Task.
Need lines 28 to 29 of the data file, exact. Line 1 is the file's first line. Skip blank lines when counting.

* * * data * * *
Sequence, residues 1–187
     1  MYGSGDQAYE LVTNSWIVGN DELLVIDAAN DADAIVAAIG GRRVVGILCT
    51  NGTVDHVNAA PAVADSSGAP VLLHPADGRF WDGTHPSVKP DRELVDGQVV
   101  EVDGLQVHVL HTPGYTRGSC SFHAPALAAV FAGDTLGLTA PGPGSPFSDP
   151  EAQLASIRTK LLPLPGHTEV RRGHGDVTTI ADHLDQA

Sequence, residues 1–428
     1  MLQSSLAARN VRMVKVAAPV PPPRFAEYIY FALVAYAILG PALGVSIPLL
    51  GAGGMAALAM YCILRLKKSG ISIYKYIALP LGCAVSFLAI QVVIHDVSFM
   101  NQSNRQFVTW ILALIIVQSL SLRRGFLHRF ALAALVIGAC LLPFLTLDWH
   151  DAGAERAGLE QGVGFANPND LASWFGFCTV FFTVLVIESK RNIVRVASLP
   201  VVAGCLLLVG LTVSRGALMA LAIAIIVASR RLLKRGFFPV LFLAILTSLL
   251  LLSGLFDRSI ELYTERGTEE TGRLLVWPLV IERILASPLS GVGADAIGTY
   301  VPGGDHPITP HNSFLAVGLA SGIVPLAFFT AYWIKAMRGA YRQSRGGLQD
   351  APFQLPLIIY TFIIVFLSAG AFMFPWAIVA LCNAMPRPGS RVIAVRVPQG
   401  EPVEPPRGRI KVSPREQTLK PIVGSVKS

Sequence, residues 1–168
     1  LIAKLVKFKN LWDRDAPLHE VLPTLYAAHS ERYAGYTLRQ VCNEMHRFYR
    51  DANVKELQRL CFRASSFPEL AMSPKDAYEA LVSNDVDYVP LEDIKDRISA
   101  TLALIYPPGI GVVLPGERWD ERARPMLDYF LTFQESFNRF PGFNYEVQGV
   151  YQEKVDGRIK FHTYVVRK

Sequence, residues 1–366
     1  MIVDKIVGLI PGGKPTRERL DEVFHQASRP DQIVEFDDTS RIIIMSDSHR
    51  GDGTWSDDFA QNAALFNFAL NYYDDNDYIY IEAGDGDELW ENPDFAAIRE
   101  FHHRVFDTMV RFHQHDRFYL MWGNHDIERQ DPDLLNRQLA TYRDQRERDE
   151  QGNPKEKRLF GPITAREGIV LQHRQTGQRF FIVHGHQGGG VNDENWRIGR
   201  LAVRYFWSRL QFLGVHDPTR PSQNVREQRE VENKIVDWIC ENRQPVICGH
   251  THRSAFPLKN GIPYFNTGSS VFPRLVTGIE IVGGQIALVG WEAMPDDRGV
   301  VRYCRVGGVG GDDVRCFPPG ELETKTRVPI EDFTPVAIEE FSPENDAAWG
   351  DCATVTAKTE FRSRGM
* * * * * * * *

   301  VRYCRVGGVG GDDVRCFPPG ELETKTRVPI EDFTPVAIEE FSPENDAAWG
   351  DCATVTAKTE FRSRGM